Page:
I have about 50 minutes before we have to leave to catch the Opera (not sure what it will actually be, but sounds fun), so I'm going to use this time to talk a bit about Tiếng Việt: Vietnamese. This post is a cultural analysis, so just click the that category to see future posts like this one (I don't have any now, but surely I will write more). Okay, here we go...
Vietnamese is HARD
So, Grant, why is Vietnamese so difficult?
That is a great question my curious subconscious! Let me trace back some of the history of this language to shed some light on its complexity.
According to our good friend, Wikipedia, "Vietnamese was primarily influenced by Chinese, which came to predominate politically in the 2nd century BC. After Vietnam achieved independence in the 10th century, the ruling class adopted Literary Chinese as the medium of government, scholarship and literature. With the dominance of Chinese came radical importation of Chinese vocabulary and grammatical influence. Much of the Vietnamese lexicon in all realms consists of Sino-Vietnamese words. When France invaded Vietnam in the late 19th century, French gradually replaced Chinese as the official language in education and government."
Great! Thanks for being such a reliable source Wikipedia! What this basically means is that Vietnamese, a historically script-based language such as Chinese or Japanese, where single pictographic characters represent entire words, adopted the Western roman alphabet when the croissant people came to town. During the French occupation of Indochina, each traditional word morphed into a Roman form. Additionally, the traditional tonal language (in which "ma" differs from "ma" based on the way you say it) had to be alphabetized. Due to a finite set of vowels which could not possibly produce all of the sounds of the Sino-Vietnamese language, six tones were developed to encapsulate the pre-existing sounds.
The french accomplished many great feats.
Grammatically, Tiếng Việt isn't too complicated. In fact, it's way easier than English, Spanish, or, indeed, French. You usually don't need to use different tenses, conjugating is super straight forward, and the counting system is like Chinese where 42 is just a combination of the words for 4 + 10 + 2. The only super tricky thing is pronouns. People here never just say "hello" or chào. You must succeed chào by whatever pronoun the person you are addressing fits into. There are pronouns for someone younger than you, a new friend, your best friend, someone slightly older than you (both male and female), someone your parents' age (male and female), and someone your grandparents age (male and female). This is tricky initially, but I'm starting to get the hang of it.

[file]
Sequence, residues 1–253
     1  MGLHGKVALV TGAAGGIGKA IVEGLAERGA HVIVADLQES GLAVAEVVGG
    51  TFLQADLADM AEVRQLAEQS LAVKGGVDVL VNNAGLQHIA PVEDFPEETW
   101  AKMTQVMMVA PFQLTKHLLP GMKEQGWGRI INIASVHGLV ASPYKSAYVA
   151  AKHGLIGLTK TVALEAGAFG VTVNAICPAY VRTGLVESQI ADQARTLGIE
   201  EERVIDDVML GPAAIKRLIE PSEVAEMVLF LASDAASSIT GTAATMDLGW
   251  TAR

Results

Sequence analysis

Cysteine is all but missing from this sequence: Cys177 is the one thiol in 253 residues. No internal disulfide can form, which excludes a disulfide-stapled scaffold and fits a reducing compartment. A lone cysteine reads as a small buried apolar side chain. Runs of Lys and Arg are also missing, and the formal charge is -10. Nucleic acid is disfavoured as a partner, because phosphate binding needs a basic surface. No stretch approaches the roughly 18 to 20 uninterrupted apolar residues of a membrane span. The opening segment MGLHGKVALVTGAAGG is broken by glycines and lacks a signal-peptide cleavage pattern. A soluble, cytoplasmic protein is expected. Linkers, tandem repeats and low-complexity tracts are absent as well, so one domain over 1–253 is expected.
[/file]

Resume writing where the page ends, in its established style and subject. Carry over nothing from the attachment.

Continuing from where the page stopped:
Yet, regardless of my qualms with modern Vietnamese, my background as a mandarin student has me geeking out hard over some of the similarities. For instance, the Chinese word for China, 中国 = the Vietnamese word: Trung Quốc, which is pronounced almost exactly the same. That's some pretty cool stuff.
Of course, all of my frustrations with the language are a result of my futile attempts to communicate with the Vietnamese population. I know that as I spend more time here and pick up on the mechanics of speech and the art of listening, I will grow to appreciate Vietnamese for what it is: a symbol of Vietnam's elaborate history and culture, impacted greatly by regional and western influences.
Also, just an update on what is going on. Tomorrow is completely free. I think we are planning on going to Chinatown. Uber here has an option for motorbikes, so I'll probably take that to District 5 and get some Dim Sum. We leave on Saturday for Hue, then take a bus to Quang Tri. I can't wait to meet our Vietnamese roommates and get started working with the community partners. Also, along the lines of this post, I was reminded this week how hard learning a foreign language is, and I'll be sure to keep that in mind whilst teaching for the next month and 1/2. I'm also going to add a newsletter to the blog so you'll get an email whenever I post and don't have to keep checking (you're welcome Beth). Now, please enjoy this video of Andrew, Jihong, and Katrina on a swing set with toddlers.